The day John Tortorella criticizes Brad Richards for being a $60-million bust during the 2012-13 season will be the first day he does.
So Thursday night after the New York Rangers’ thrilling Game 4 OT victory to stay alive against the Boston Bruins – a game for which Richards was a healthy scratch, after being benched as a fourth-liner in Game 3 – Tortorella offered a defense of his fallen star:
“Brad Richards is a hell of a hockey player. He has had struggles here. It continues. Me putting him in that role does not help him. So I’d rather have him out and identify how we’re going to run our fourth line.
“So none of ya’s, don’t put words in my mouth, it’s not blaming Brad Richards. I’ve already heard enough of that crap already, as far as this is concerned. He’s a hell of a hockey player that’s having a hell of a time. So I need to make decisions for what I feel is right for this team to win tonight’s game, and that’s why I made that decision.
“This is a Conn Smythe winner. A guy I’ve grown up with. A guy I love as a person and a player, but I have to make that decision regarding this. So kiss my ass if you want to write something different. It’s not about blaming that guy. I don’t want anybody to pile on him. This is my decision and I make it for the hockey club.”
Obviously, you feel for Torts, having to make these decisions on a player with whom he won a Stanley Cup and a player that chose the Rangers as a free agent because Tortorella was there. They have a long relationship as player and coach. Neither imagined this day would come.
But they were the right decisions: Richards had one point in 10 games, was terrible on the power play and clearly didn’t fit on the Rangers’ fourth line. Richards goes out, the Rangers score on the power play and the fourth line played great in limited minutes. This is not a coincidence.
Hearing Tortorella defend Richards as “a hell of a hockey player that’s having a hell of a time” makes you wonder: If he’s still the coach in 2013-14, might Richards get another chance to turn this around before a buy-out, or is he a goner?
Trending Topics is a column that looks at the week in hockey, occasionally according to Twitter. If you're only going to comment to say how stupid Twitter is, why not just go have a good cry for the slow, sad death of your dear internet instead?
Management positions in the National Hockey League, or any professional sport, boil down to a fairly complex relationship between tools and practitioners.
For instance, an owner gives a general manager the tools of money with which to construct his team, and the surrounding personnel and authority to pursue those ends as he sees fit.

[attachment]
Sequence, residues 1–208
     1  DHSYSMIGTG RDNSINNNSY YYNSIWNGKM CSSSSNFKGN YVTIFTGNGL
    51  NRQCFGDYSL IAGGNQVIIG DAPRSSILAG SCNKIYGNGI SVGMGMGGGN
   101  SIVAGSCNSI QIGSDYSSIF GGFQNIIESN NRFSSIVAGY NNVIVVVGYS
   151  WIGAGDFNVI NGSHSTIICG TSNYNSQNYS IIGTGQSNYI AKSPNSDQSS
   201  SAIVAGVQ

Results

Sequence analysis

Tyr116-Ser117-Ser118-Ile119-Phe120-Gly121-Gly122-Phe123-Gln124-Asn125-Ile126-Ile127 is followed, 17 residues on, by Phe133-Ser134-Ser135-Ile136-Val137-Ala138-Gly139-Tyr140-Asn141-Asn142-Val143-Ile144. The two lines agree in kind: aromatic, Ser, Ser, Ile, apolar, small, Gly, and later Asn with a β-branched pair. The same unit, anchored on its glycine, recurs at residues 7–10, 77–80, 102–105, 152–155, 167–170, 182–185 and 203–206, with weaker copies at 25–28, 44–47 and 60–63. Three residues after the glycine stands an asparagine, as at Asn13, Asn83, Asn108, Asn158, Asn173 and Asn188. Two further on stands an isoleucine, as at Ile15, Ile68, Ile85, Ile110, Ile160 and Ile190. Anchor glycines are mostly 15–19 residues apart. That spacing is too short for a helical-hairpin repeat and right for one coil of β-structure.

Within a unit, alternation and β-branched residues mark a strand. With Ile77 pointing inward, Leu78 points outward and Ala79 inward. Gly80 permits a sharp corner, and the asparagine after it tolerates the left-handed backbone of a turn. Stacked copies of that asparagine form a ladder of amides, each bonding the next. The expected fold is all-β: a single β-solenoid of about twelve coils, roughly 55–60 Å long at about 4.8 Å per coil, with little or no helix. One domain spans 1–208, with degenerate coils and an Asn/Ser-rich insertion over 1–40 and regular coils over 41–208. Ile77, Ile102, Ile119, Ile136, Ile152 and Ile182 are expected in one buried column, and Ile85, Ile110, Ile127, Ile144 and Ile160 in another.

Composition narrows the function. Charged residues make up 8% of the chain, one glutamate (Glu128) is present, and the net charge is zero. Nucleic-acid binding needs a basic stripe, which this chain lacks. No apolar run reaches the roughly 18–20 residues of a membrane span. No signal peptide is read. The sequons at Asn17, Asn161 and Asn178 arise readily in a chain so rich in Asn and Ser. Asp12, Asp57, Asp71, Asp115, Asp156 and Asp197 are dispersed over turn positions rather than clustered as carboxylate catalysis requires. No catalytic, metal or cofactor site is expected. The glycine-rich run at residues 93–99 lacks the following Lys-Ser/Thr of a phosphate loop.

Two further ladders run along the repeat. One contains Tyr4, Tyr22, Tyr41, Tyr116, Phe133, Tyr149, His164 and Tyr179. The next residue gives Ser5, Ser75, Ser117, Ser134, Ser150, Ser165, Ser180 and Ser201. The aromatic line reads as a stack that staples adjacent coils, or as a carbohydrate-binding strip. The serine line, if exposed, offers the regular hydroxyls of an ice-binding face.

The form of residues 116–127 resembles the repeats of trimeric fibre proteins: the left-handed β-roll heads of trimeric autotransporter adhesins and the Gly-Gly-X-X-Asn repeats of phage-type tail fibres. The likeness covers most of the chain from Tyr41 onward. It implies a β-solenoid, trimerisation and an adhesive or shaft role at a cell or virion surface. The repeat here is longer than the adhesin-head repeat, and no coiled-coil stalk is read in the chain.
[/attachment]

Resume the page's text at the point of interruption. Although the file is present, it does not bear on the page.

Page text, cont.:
Obviously, this takes place to varying degrees. Some owners, like Charles Wang, are stingy with money and overly involved in the day-to-day operations of the team he owns. That's his right, of course, since he's the one signing checks for everyone from the team president to the assistant equipment managers, but that doesn't make it easy for Garth Snow to do his job.
At the other end of the spectrum, though, are larger-market teams, ones that draw crowds and generate significant revenues and for which the owners have little interest in telling the hockey people they're paying to run a hockey team what they should be doing in the running of it. It leads one to wonder why Wang, or any other meddlesome owner, doesn't just make himself the GM, cut out the middle man and save a million bucks a year.
The point, though, is that from the above relationship springs another, similar one. Just as the GM can only do so much with the tools he's given by his owner, so too can the coach only do the best he can with the tools his boss gives him.
This was the problem Alain Vigneault faced this year, and what ultimately led to his being fired despite the fact that he is far and away the best and most successful coach in franchise history by just about any metric.
The speculation is that the circle logo on the left will be a shoulder patch on the new sweaters, with the ‘D Star’ logo as the new primary one for Dallas. But there's also a chance the Stars will follow in the tradition of the Wild, Blues and Panthers and do a traditional circular crest with the logo inside of it; a.k.a. the logo above ...
Tom Cruise watched top gun and legend Anze Kopitar, far and away their best forward, make it rain, man, and help push the Sharks into oblivion as the Kings won this war of the worlds with their eyes wide shut. [NHL Video]
No. 1 Star: Jimmy Howard, Detroit Red Wings
The Red Wings goalie made 28 saves for his second career shutout, as Detroit won Game 4 over the Chicago Blackhawks, 2-0. He was especially good in the third period as the Blackhawks turned on the offense. Detroit leads the series, 3-1.
No. 2 Star: Derek Stepan, New York Rangers
The Rangers needed someone to make a play. Stepan did, twice. He stripped Zdeno Chara of the puck and scored to tie the Boston Bruins in the third period, 2-2. After Tyler Seguin’s goal gave Boston the lead again, Stepan set up Brian Boyle for another tying goal on the power play, where the Rangers were the worst team left in the postseason. New York won Game 4, 4-3 in overtime, on a Chris Kreider goal. Here’s the Stepan strip-and-score, helping the Rangers stay alive in the postseason.